6 – Running – You set off at a sprint, pushing ahead at your top speed, turning the

corners as quickly as you can. However, no matter how fast you run, you don’t seem to be getting any closer to the center. Still, you can’t shake the feeling in your gut that you’re getting closer . . . to something. Something important. Gasping for breath, you make one final turn . . . and see the entrance to the maze. All that running, and you’re right back where you started. Well, at least the maze didn’t eat you! (Exit, +1 Running)

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Oh, this is a fun event, and it does seem to let you make use of some of those skills that aren't always touched upon frequently. I think my only concern here is that one of the 'success' exits results in your character taking a point of damage and no other gain for the trouble, which might leave the player feeling as though they 'failed'. If there was a bit of a compensation, it might feel less like failure, and more like an opportunity that they had for greater gain passed up for a simpler escape.

 

Other than that minor concern, I have to say that I really like this event. It's a very fun way of combining math and magic, and written very well. I can't wait to see what other ideas you have in you!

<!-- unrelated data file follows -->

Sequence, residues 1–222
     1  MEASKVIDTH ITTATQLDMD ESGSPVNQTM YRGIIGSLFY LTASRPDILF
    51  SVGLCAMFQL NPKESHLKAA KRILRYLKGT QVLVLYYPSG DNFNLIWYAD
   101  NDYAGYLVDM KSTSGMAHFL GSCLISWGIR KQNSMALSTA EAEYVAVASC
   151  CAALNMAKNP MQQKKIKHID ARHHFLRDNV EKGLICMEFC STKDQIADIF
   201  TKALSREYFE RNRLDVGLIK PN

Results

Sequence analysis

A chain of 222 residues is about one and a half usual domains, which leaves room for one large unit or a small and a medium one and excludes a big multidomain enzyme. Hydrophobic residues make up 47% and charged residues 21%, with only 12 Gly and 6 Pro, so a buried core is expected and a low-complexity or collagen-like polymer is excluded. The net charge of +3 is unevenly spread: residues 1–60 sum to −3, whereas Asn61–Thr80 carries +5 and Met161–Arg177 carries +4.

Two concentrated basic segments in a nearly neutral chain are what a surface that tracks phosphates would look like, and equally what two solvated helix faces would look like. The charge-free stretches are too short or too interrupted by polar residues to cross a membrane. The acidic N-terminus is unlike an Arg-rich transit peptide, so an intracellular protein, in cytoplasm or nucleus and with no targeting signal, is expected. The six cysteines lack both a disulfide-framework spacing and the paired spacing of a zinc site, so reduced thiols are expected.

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Alright, here's my first submission. Admittedly, it doesn't quite hit the same mark as Norton did previously... He certainly set a high bar to start us off!

 

This event includes one @random male character@ in the setup. No actual change to your relationship with said character will result from the event; the character is simply used in the description of how things started.

 

------

 

You had never meant to cause any harm, really. It all started off with an innocent dare from @name@, challenging you to try casting a spell at a random inn patron subtlely. Unfortunately, while you succeeded in your spell, things got out of hand as your unsuspecting victim found himself on the receiving end of a number of questioning stares and half-muffled laughs. Tossing his supper to the floor as he stands, he quickly spots you, grabs you by the arm, and drags you out of the inn while flagging down a member of the local town watch.